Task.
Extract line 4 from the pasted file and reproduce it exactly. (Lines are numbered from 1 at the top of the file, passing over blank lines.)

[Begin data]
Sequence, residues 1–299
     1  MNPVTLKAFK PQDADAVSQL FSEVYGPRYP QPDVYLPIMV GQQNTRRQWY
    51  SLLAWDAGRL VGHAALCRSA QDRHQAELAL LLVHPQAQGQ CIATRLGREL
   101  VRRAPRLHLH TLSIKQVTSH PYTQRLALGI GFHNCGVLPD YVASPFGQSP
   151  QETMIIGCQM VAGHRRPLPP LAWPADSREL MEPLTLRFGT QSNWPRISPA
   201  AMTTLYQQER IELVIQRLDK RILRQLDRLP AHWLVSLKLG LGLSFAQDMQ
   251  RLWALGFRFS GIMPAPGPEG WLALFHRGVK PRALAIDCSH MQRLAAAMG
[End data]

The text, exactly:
   101  VRRAPRLHLH TLSIKQVTSH PYTQRLALGI GFHNCGVLPD YVASPFGQSP